In her book released this year, Sen. Elizabeth Warren recounted a dinner she had with President Barack Obama’s chief economic adviser, Larry Summers, in April 2009, when Warren was the outspoken chairman of a congressionally appointed panel probing the government’s response to the financial crisis.

“Larry leaned back in his chair and offered me some advice. … He teed it up this way: I had a choice. I could be an insider or I could be an outsider. Outsiders can say whatever they want. But people on the inside don’t listen to them. Insiders, however, get lots of access and a chance to push their ideas. People – powerful people – listen to what they have to say. But insiders also understand one unbreakable rule. They don’t criticize other insiders.”

Warren ignored the warning.

And if the past few weeks are any indication, she can operate as an insider without giving her up outsider credentials. She’s remained outspoken, but has become even more influential. She hasn’t stopped throwing bombs at the rich and powerful, but she’s won a spot in Senate leadership, changed the shape of congressional debates over financial regulation and continued to draw widespread attention as a potential presidential candidate.

It all helps to explain why – for the 300 former Obama campaign officials who last week urged her to run in 2016 – she is the one they’ve been waiting for.

“Rising income inequality is the challenge of our times, and we want someone who will stand up for working families and take on the Wall Street banks and special interests that took down our economy,” they wrote.

Over the past week, Warren galvanized liberals across Capitol Hill against a government spending bill that weakened a key provision of the 2010 Dodd-Frank law tightening oversight of Wall Street.

The Senate may have passed the legislation late Saturday, but it was not before Warren and other liberals asserted their power in a confrontation with the White House, even winning over House Democratic Leader Nancy Pelosi, who had previously supported the legislation.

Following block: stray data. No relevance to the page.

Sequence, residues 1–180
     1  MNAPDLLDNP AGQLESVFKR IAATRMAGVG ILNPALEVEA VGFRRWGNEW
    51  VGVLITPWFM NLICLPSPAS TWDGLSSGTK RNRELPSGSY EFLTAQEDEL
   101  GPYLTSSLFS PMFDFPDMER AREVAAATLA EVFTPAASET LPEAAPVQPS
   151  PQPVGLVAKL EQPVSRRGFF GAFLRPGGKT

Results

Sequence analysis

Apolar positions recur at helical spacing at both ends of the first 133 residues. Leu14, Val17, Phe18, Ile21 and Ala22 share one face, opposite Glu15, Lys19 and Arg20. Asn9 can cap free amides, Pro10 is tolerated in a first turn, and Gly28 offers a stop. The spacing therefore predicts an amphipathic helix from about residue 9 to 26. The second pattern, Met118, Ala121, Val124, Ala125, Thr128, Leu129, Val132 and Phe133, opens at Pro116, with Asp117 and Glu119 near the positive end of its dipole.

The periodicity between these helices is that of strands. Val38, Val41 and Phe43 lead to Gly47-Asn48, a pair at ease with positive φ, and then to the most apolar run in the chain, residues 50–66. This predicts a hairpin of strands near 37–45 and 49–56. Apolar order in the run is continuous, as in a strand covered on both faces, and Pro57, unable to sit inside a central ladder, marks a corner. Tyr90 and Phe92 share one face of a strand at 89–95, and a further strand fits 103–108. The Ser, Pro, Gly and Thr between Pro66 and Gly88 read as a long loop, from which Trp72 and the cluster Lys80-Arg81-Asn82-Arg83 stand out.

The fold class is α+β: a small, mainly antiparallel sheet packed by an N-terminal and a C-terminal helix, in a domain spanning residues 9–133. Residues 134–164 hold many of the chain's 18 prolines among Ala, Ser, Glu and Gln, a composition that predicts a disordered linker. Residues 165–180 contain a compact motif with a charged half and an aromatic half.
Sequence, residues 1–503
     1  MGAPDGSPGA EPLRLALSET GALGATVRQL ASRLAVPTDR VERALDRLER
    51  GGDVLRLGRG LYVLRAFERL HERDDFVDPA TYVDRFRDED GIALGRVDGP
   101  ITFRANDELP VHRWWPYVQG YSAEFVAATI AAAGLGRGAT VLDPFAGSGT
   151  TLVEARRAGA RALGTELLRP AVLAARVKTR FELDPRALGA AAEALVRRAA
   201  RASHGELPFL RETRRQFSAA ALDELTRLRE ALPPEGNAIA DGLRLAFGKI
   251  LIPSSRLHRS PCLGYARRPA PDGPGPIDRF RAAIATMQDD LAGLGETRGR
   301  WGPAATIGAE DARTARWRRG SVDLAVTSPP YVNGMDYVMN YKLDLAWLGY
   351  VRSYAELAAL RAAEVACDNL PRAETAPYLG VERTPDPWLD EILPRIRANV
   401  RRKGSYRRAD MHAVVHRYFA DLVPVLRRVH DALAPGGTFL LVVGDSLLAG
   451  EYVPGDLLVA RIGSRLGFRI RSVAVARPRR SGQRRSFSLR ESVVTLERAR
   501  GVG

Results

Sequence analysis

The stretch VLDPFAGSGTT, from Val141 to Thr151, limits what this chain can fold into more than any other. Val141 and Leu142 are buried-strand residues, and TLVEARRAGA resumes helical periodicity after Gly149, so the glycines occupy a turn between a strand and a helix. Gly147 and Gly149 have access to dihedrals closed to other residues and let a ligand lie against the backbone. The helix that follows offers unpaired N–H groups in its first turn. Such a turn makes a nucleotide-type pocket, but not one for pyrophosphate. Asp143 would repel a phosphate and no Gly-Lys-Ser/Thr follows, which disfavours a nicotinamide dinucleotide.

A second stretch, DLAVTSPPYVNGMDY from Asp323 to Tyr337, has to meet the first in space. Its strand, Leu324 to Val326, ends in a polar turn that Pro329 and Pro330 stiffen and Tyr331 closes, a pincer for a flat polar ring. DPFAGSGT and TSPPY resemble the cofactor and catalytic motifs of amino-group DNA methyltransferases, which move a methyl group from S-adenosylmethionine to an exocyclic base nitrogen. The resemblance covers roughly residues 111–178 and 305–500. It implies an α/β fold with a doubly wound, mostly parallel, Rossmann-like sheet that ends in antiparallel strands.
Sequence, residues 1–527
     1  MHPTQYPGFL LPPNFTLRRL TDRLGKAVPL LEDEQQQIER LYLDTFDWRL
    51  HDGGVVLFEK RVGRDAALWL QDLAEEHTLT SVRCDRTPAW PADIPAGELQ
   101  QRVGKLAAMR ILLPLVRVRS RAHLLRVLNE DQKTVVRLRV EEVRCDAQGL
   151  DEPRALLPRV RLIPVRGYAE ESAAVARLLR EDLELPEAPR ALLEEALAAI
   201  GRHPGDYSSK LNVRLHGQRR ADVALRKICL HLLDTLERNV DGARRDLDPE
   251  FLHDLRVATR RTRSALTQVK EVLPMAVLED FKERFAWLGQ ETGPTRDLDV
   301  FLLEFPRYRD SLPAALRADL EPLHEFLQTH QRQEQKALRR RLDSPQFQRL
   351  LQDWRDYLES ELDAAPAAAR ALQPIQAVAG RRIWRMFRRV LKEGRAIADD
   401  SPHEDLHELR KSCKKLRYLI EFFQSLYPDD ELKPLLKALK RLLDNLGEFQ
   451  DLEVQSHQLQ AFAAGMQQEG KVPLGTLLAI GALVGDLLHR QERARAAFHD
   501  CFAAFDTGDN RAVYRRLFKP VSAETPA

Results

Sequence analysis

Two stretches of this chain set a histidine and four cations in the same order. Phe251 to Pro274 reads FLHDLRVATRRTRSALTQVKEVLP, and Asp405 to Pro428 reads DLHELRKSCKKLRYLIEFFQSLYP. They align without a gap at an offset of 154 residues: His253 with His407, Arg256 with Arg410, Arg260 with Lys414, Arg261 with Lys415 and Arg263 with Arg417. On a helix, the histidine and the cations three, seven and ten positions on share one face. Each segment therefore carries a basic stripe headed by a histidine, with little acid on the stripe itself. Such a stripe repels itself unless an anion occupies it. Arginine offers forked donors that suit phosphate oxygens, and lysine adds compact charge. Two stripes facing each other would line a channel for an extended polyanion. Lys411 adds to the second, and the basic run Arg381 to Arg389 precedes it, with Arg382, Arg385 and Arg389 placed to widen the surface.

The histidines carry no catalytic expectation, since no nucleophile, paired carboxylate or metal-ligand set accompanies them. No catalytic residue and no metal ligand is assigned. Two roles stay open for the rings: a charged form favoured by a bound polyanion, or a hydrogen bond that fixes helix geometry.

Warren is also in an unusually public battle with the White House and Treasury Department over Antonio Weiss, an investment banker tapped for a key Treasury position. White House officials say Weiss is sympathetic to Democratic views. But Warren has won over several colleagues in trying to block the nomination, saying the administration is too cozy with Wall Street.

It’s a topic she reprised in a speech Friday evening after losing the battle over the spending bill, in which see singled out Citigroup as an example of a bank with too much power.

“Enough is enough with Wall Street insiders getting key position after key position and the kind of cronyism we have seen in the executive branch,” she said. “Enough is enough with Citigroup passing 11th-hour deregulatory provisions that nobody takes ownership over but that everybody comes to regret. Enough is enough.”

Critics of Warren, even if they’re sympathetic to her view, would say that by taking absolutist positions, she won’t achieve much more than fiery rhetoric.

The history of Obama’s presidency is a story of compromises that disappointed liberals but achieved policy gains, including the Affordable Care Act.

To the degree Obama seeks congressional accords in his final two years, he will be forging them with Republican leadership. But should he move far in hopes of a compromise with the GOP, Obama will likely find Warren leading a liberal flank in opposition. It’s hard to know if she would succeed, but the past few weeks show that she has the influence to make a difference.